Domestic partnerships? Civil unions? Legal Marriages in Massachusetts? While it’s commonly known that full marriage rights continue to elude the gay community, the progress we have made in securing these rights has come in fits and spurts, leaving a mess of murky legal terminology in its wake. This article means to clarify the current legal status of same-sex marriage in America by outlining recent triumphs and setbacks, and by explicating Lambda Legal’s goals, both immediate and longterm.
The fight for marriage equality has made steady, nationwide progress in 2007. Not all gay couples wish to marry, but we must have the option to do so before we can be seen as equals. While Massachusetts is the only state that provides legal same-sex marriages, court and legislative victories across the nation are expanding protections for same-sex couples and their families. Slowly but surely, we are making the case for full marriage equality, and we are being heard.
The numbers tell a story of success, at least in the context of how civil rights have been won in this nation’s history. In November 2003, the Massachusetts Supreme Judicial Court ruled in Goodridge v. The Department of Health that same-sex couples must be given equal marriage rights under the state constitution. As gay visibility exploded across all areas of American culture, the landmark Goodridge ruling was followed in February by the decision of San Francisco Mayor Gavin Newsom to issue marriage licenses to same-sex couples in his city.
Based on data analyzed by the Williams Institute, roughly one-quarter of same-sex couples currently live in states where nearly all of the benefits of marriage under state law are available to them, albeit with discriminatory “less-than” labels outside of Massachusetts. If we fold in protections such as state-wide domestic partnerships, reciprocal beneficiaries and New York’s unique and widespread recognition of out-of-state, same-sex marriages, that fraction goes up to one-third. Even more encouraging is that most of these advances have been made in the last eight years.
‘07: Advancing Toward Equality
In February 2007, New Jersey’s civil union law took effect. Passage of that law followed a New Jersey Supreme Court ruling in Lambda Legal’s case for marriage equality, wherein the court ruled unanimously that same-sex couples must be treated equally under the law. But they left it to the state legislature to decide whether to honor the right to marry per se, or to create a separate status with all the benefits of marriage except its powerful name. The legislature opted for a separate status with a civil union law. Since then, about 2,300 couples have been joined in civil unions in New Jersey.
On the one-year anniversary of this bittersweet decision, the New Jersey Civil Union Review Commission released its first report asserting that the law falls short of providing equality, mainly because couples in civil unions are denied many of the same benefits routinely granted to same-sex spouses in Massachusetts. For example, those in civil unions are susceptible to loopholes that allow employers with federally funded health plans to deny spousal insurance coverage. The gay rights organization Garden State Equality has received hundreds of complaints of civil unions not being honored. The Review Commission also found that because civil union status is still largely unclear to the general public, it confers a second-class status. The term forces couples to waste time explaining it at banks and hospitals instead of just saying “that’s my wife,” and being understood. In the words of now-retired New Jersey Supreme Court Chief Justice Poritz, “Labels set people apart as surely as physical separation on a bus or in school facilities.” When it comes to marriage, a rose by any other name does not smell as sweet.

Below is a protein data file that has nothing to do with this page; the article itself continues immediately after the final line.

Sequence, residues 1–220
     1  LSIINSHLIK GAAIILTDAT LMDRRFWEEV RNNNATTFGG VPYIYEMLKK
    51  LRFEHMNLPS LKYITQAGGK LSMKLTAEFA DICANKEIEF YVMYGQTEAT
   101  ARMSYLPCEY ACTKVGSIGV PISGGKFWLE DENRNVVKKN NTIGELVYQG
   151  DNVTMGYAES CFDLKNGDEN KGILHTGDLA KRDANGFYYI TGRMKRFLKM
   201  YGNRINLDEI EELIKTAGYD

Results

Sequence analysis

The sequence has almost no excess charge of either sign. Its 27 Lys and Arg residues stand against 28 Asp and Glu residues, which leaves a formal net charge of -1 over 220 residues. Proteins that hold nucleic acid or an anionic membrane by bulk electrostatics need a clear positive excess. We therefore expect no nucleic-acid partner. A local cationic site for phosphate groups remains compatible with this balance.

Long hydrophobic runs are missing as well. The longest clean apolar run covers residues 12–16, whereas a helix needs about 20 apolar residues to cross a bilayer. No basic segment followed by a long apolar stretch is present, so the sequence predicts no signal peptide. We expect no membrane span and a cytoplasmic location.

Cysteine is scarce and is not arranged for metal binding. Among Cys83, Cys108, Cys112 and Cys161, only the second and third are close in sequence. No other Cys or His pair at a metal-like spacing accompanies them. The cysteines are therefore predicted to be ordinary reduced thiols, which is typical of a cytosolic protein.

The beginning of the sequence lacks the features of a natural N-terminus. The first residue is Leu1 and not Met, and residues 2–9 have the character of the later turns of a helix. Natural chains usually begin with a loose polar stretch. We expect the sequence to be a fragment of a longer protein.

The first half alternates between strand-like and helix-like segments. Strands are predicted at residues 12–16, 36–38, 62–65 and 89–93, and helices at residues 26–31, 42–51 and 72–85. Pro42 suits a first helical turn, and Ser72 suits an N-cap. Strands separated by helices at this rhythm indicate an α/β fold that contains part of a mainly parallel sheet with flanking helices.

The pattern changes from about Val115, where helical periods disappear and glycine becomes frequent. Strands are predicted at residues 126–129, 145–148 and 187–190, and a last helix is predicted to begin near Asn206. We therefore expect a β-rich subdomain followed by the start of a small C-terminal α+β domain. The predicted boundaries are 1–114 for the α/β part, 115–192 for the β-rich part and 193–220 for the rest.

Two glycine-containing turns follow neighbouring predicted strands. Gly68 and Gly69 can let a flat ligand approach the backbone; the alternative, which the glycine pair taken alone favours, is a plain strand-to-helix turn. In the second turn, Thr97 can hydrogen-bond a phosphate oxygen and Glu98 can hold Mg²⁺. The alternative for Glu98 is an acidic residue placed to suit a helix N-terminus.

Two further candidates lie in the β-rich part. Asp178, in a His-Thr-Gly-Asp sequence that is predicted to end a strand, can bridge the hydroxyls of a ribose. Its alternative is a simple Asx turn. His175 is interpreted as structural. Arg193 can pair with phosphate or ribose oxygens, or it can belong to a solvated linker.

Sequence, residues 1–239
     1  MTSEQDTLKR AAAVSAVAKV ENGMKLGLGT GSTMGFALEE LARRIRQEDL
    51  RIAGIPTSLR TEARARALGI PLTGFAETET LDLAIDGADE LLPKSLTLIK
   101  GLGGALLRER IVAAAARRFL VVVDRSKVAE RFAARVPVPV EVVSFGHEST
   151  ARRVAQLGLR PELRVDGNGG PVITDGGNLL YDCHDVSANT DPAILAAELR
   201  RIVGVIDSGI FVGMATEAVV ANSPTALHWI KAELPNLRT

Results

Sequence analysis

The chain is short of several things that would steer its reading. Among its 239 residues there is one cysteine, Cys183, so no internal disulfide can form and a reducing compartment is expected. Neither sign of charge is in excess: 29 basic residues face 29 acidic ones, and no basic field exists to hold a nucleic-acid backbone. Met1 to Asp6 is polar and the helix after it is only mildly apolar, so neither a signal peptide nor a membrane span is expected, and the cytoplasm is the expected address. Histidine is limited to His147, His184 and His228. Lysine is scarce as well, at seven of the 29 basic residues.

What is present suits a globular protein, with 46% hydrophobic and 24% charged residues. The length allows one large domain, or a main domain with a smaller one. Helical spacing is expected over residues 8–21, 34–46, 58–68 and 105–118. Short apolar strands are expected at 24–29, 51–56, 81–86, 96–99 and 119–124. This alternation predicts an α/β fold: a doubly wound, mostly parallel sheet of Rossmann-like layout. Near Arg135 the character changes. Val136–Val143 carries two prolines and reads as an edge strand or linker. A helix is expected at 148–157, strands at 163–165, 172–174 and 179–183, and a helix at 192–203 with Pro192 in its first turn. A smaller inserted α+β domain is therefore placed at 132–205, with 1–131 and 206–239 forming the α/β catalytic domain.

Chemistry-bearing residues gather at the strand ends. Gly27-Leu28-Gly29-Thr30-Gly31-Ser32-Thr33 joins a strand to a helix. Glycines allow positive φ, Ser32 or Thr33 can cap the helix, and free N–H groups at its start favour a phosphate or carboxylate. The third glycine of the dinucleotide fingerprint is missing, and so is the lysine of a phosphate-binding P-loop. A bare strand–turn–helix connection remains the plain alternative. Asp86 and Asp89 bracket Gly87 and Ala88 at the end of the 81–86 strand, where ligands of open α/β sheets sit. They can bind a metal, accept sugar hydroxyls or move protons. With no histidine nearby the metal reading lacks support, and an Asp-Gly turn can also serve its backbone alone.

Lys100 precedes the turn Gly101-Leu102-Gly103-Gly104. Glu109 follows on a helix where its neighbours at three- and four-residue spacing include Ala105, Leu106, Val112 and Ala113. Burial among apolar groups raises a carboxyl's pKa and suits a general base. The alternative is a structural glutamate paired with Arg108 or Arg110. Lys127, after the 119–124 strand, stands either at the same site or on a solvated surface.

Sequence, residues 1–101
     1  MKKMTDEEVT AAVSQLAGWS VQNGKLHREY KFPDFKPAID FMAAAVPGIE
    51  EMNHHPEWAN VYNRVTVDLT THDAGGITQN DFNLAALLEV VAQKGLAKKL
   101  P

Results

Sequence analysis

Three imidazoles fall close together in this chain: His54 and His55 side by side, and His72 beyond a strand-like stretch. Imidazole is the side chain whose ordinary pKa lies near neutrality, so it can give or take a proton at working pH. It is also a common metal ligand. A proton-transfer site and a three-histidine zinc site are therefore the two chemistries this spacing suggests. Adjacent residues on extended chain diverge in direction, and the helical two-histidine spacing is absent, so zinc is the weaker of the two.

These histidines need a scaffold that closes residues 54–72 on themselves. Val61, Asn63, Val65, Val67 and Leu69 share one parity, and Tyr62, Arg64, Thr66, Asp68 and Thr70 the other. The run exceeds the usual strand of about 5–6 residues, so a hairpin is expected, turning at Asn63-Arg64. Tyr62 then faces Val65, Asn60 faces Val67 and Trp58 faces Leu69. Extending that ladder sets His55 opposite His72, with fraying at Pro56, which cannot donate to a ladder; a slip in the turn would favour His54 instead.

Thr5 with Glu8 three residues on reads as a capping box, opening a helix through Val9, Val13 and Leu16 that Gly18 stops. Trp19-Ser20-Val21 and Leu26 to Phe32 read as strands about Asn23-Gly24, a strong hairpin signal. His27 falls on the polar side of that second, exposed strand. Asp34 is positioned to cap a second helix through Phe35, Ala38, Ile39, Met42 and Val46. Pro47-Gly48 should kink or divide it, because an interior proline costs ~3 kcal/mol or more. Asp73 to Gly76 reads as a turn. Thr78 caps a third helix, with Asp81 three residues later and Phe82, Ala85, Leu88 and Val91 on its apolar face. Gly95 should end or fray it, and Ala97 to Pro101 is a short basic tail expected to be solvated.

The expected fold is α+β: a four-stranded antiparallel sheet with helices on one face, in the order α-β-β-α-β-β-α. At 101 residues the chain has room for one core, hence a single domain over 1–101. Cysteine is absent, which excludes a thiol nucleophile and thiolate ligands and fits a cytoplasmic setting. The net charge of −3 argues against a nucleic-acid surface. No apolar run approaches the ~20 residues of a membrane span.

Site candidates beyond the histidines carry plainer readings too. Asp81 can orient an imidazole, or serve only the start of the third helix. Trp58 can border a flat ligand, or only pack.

Marriage equality is now on the horizon in New Jersey. Senator Loretta Weinberg, who co-sponsored the civil union law, has publicly acknowledged its flaws, and plans to introduce a new bill legalizing gay marriage within the next few months. Governor Corzine has indicated he would sign it, and key legislative leaders have promised to support it.
Legislatures in Washington State, New Hampshire and Oregon have enacted laws that bestow selected marriage rights through a separate status of civil union or domestic partnership. Although these laws vary in the number of protections they provide, and are still discriminatory, they reduce the harms that same-sex couples and families face, and they set the stage for marriage equality through a series of hard-won advances. They demonstrate that elected officials and their constituents are learning more about the plight of same-sex couples and their children. It is in this way that discriminatory barriers begin to crumble. In Washington and Oregon, lawsuits that lost in court were nonetheless successful in helping to educate elected officials by bringing awareness to the struggle for equality through the plaintiff families, and by prompting public debate as the lawsuits wended their way through the courts.
Every battle for civil rights has its setbacks, hence a disappointing court decision in Maryland this year. In a divided opinion, the Maryland Court of Appeals upheld a state law that bars same-sex couples from marrying. On the upshot, advocates in Maryland are now working with the state legislature to promote the passage of a marriage equality law, benefiting from the educational impact that the lawsuit has had on the state.